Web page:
I have a mental illness. Lots of talk about mental health care. Partners for Mental Health, a great organization asked for donations to help in their “efforts to build a brighter tomorrow for Canadians with mental health problems and illnesses, as well as their families.” Bell’s Let’s Talk campaign helps take away the stigma of having a mental illness by talking about it. That’s all well and good.
Except talk won’t fix the problem. Money will. It’s not as if we don’t have it!
I come by my mental illness honestly. My father was bi-polar. His mother had some mental illness. There was talk of problems further back but no way to confirm it. I was diagnosed with chronic recurrent depression and now it seems I have increased anxiety. Looking back-and it’s a long way- I had terrible anxiety as a child that carried over into my teen years and then in my adult years. And reading about post-partum depression-I had that, too. But I was 50 before I was diagnosed.
When I was 50 I also had my first encounter with suicidal ideation. It is a dark and exhausting place to be. So much energy spent on finding reasons to live. Even when there are so many reasons to live. But going into that dark place-down into that abyss makes it so difficult to make sense of anything. I was fortunate. I was blessed with a wonderful doctor who quickly got me an appointment with a psychiatrist and I was put on medication. These interventions weren’t enough and as I wrote in my book Back to the Ethic:Reclaiming Western Values it was my rabbi who gave me the reason to live. My religion teaches that I am obligated to Choose Life!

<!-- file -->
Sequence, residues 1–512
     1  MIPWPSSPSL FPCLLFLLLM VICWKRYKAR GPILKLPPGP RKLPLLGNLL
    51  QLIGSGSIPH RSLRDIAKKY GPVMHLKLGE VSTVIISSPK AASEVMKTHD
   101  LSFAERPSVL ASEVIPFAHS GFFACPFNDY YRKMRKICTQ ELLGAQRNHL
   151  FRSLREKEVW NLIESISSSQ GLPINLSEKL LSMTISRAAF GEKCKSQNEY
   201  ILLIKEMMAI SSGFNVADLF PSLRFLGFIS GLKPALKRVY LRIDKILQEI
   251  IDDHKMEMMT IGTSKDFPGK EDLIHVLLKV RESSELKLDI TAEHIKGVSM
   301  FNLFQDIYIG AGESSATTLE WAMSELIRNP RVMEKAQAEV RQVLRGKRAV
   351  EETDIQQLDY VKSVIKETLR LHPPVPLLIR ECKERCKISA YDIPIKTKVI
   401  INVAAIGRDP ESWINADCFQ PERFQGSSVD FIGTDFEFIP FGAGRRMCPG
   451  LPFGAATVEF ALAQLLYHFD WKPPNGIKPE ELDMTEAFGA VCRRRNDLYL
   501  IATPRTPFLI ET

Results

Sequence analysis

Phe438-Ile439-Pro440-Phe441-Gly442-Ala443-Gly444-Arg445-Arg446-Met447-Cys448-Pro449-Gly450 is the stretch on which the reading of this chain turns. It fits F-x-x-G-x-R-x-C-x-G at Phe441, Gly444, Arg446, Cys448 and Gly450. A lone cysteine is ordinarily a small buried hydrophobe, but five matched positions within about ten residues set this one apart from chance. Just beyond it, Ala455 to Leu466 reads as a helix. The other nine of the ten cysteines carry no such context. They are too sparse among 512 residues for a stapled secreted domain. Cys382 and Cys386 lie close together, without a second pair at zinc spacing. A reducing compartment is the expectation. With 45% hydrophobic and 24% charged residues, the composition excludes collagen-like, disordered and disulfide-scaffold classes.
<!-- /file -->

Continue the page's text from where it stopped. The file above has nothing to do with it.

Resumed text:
I have had two more encounters with that siren call to end my life. I contacted my doctor-a different one as I have moved –and was placed on a list for a psychiatrist. It’s been more than 6 months, more suicidal ideation that I have fought, and still no appointment. This is mental health care in Ontario.
That I am still alive has to do with my ability to hang on because of my family and friends and my religious beliefs. Imagine what depression is like for young people. For children, like Amanda Todd, who have been bullied and fall into the darkness without life experience to keep them alive while they wait for help. Or never get diagnosed at all. Think about the young people, like Sammy Yatim who have died at the hands of the police because we ask the police to deal with mental illness. Or Ashley Smith who died while in custody. Then there was the rash of child suicide amongst our native children in Saskatchewan. And the suicide crisis in Attawapiskat First Nation.
According to reports the police have responded to 23,000 calls from citizens suffering from mental illness up 11% from last year.Steve Lurie with the Canadian Mental Health Association said the increase is symptomatic of a larger problem with the current system.
“I think the fact that police apprehensions of people with mental illness is increasing is evident. It’s a symptom of the underfunding of mental health services in the last three years.”
And then there are our veterans. Unable to access mental healthcare in a timely manner and too often find they can’t afford it. We have once again witnessed the worst of lack of care with the apparent murder/suicide of Afghan war veteran Lionel Desmond and his family.
Canada is rated 30 in health care. We think of ourselves as so much better off than our southern neighbour-yet they are ranked 37.